- My recommendation is that you always use M files for your Matlab
- To create one, use the "File, New, M-file" menu choice. Then you
would save it, and can reopen it with "File, Open". You should also be
able to double click on the M-file in Windows Explorer, and that will
automatically open Matlab and your M-file.
- You will now have an editor window into which you type commands.
They will not execute until you explicitly try to run them.
- I would recommend putting "clc" as the first line of the file.
This will clear the command window, and any old warnings or output.
- Type commands there just as you would in the command window.
- When you are ready, use the "evaluate cell and advance" button
MATLAB Tips and Resources
- Matlab is case sensitive. While Matlab can deal with "HOURS" and "hours" as two different
variables (because it is case sensitive), you may not be so lucky, so I
would never use those two variables in the same program.
- Think about whether your variables are scalars, vectors, or matrices.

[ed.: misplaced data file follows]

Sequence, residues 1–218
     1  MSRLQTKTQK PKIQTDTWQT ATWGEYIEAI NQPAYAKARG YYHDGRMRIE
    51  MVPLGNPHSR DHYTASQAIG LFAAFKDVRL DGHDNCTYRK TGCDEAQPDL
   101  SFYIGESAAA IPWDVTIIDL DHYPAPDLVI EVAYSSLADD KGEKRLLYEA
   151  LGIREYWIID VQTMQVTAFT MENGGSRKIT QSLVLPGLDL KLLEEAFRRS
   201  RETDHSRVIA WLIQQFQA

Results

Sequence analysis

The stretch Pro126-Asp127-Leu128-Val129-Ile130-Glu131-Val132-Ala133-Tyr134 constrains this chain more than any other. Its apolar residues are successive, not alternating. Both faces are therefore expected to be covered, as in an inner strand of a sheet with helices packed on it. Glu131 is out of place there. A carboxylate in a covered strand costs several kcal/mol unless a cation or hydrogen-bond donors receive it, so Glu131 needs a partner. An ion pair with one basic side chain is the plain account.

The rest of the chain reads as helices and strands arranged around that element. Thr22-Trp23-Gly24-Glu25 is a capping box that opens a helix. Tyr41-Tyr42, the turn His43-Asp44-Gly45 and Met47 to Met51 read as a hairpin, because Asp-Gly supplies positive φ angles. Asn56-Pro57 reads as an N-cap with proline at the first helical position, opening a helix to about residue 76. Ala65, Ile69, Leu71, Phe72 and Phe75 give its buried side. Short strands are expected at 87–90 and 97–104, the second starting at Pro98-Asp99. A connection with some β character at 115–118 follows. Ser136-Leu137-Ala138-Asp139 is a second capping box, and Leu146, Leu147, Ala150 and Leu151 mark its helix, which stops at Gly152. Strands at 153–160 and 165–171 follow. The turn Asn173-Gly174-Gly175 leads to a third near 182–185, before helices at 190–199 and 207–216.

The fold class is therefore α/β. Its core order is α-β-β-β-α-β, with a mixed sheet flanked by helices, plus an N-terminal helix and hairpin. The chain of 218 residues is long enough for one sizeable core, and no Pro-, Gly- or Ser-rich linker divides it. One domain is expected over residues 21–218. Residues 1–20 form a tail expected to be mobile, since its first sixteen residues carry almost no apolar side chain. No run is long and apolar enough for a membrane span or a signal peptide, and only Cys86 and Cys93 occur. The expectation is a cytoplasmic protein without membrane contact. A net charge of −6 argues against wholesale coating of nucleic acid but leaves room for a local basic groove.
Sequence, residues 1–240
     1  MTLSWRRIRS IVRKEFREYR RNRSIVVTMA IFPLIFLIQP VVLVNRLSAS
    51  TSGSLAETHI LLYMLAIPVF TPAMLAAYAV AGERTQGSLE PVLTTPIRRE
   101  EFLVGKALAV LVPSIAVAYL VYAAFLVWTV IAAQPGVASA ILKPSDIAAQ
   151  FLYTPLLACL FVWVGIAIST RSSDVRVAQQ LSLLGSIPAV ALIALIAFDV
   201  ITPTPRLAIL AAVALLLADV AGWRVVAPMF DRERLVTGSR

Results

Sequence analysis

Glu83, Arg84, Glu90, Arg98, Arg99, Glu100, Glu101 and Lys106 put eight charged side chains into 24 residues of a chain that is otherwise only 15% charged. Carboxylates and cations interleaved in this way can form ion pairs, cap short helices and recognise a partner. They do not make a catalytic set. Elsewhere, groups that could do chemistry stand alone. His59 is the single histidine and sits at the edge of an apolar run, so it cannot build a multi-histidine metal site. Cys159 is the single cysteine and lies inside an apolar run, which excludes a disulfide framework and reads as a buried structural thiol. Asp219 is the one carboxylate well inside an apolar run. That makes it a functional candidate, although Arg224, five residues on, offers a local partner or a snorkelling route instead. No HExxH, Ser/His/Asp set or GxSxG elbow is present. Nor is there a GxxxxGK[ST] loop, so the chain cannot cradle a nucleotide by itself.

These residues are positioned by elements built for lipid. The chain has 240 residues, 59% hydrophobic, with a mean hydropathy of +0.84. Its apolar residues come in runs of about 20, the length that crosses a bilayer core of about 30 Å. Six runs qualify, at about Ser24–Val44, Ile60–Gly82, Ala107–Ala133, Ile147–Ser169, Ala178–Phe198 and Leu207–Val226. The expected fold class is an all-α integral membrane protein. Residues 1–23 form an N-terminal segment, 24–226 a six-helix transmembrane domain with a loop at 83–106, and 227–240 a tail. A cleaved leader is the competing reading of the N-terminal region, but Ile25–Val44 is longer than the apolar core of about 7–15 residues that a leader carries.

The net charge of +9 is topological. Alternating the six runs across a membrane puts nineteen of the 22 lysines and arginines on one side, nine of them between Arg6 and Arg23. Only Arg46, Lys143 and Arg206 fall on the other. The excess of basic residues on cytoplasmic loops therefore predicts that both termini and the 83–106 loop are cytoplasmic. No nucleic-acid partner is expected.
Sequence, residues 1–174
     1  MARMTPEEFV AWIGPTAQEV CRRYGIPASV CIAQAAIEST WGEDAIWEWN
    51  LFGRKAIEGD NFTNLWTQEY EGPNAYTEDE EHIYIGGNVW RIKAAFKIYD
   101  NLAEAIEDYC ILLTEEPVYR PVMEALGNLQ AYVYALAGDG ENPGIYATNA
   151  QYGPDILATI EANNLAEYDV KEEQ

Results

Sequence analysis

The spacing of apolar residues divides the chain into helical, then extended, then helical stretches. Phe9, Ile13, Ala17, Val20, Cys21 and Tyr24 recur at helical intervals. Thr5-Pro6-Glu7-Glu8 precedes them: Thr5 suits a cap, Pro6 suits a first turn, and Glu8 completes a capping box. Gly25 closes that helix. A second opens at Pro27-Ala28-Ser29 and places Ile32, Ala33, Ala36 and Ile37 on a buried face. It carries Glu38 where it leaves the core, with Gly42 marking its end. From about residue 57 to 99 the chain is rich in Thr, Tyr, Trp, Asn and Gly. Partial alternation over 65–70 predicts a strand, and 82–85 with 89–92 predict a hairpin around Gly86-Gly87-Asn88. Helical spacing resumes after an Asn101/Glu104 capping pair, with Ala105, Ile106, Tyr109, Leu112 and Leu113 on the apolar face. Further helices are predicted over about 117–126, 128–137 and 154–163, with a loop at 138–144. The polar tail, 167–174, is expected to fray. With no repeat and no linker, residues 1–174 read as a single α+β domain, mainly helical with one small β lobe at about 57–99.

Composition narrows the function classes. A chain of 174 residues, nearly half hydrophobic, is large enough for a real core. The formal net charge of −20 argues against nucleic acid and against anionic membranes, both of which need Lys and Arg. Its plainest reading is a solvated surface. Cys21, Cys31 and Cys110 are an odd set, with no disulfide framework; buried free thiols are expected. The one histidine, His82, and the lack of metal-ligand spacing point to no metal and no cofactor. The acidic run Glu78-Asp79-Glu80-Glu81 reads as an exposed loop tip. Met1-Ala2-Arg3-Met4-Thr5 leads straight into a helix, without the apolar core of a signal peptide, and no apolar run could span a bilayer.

- Variable names, and m-files names, cannot start with a number.
- Matlab may not like file names with a space in them, so avoid them.
- Use the Workspace, which lists all the variables. You can click on
one, and see a table showing the values, and you can compare what Matlab is
computing (based on your code) with what you know it should be.
- If you use functions in external files, you should not rename them.
- Matlab, like most languages, has two kinds of "equal". These often
have different symbols (in Matlab, they are "==" and "=").
- Boolean equality. This tests whether two variables are the same.
- Replace. This takes whatever is in a current memory location, and
replaces it with a new value. This is what we mean with something like
x = x + 1;
Student resources from Mathworks
last revision 1/11/2017